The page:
Re: English is evolving.. what to do? what to do?

Subject: Re: English is evolving.. what to do? what to do?
From: soundy -at- NEXTLEVEL -dot- COM
Date: Thu, 7 Mar 1996 03:14:34 -0600

In <313CE229 -at- instigate -dot- dataware -dot- com>, on 03/05/96 at 04:53 PM,
Trey Jones <TJones -at- dataware -dot- com> said:

>So, the "you and I" situation exemplified above is easy to describe, and
>turns out to be entirely positional for some speakers (which drives
>Generative Linguists insane, I'm sure, but I'll save *that* for
>LINGUST).. If the first person pronoun comes first in the conjuction, it
>is "me", if it comes second, it is "I".. thus all of the following are
>acceptable:
> John and I are going to the store.
> Me and John are going to the store.
> Do you want to come with me and John?
> Do you want to come with John and I?

Actually, proper useage is far simpler (and more logical) than that:
simply remove the second- or third-person pronoun and see how the
first-person stands on its own. Example:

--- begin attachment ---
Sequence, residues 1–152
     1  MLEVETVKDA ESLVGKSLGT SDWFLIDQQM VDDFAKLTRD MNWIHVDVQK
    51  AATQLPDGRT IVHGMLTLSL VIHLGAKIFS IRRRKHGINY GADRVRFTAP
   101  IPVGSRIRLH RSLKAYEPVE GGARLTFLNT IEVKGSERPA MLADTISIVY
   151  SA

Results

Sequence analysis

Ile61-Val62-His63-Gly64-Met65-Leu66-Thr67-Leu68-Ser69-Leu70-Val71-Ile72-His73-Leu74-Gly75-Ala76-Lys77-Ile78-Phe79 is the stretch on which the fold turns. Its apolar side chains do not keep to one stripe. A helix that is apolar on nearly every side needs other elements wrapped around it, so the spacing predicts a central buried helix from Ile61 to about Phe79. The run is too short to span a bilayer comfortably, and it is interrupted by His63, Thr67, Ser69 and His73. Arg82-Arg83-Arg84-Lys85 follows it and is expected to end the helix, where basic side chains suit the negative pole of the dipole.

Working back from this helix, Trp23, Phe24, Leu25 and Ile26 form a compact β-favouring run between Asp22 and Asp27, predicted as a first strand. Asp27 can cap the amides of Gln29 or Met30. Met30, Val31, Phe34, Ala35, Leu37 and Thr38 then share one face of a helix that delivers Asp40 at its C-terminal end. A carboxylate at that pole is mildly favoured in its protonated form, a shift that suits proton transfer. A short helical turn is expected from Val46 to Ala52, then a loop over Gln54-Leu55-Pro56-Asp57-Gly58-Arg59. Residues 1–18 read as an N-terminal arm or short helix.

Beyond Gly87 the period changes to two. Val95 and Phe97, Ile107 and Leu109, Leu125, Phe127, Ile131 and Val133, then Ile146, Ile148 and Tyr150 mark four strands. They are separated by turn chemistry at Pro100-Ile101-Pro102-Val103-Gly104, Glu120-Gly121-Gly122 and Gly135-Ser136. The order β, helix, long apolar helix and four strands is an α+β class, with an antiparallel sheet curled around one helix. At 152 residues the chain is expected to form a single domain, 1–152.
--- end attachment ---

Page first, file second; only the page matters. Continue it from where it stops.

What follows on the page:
..I am(are) going to the store. - good
Me... am(are) going to the store. - NOT good

Do you want to come with me...? - good
Do you want to come with...I? - NOT good


>The perceived difference is one of formality, not grammaticallity, with
>the ".. and I" constructions being more formal and polite, or course.
>This change has taken root *everywhere*.. from my 17 year old brother
>(who always says "me and..") to the top execs of the company I work for
>(who always say "..and I")..

My mother always used to correct us when we'd use "Me and..." by saying we
shouldn't say so-and-so is mean ("me and Bob" slurs into "mean Bob" :-)

>Similar circumstances crop up with "who/ whom", which has also picked up
>a distinction based on position, not case.
> Who is it addressed to?
> To whom is it addressed?

>Then there's "there's", which can take singular or plural objects for
>many speakers.

This is obsolete. Our evolving language dictates that there's and theirs
may be used interchangeably. Thus theirs no simply rule for how people
use they're there's.

>And, last but not least, ending sentences with prepositions. Should I
>have said "the top execs of the company for which I work"?

The ending of sentences with prepositions is a one mistake, up with which
I will not put. :-)



Your friend and mine,
Matt
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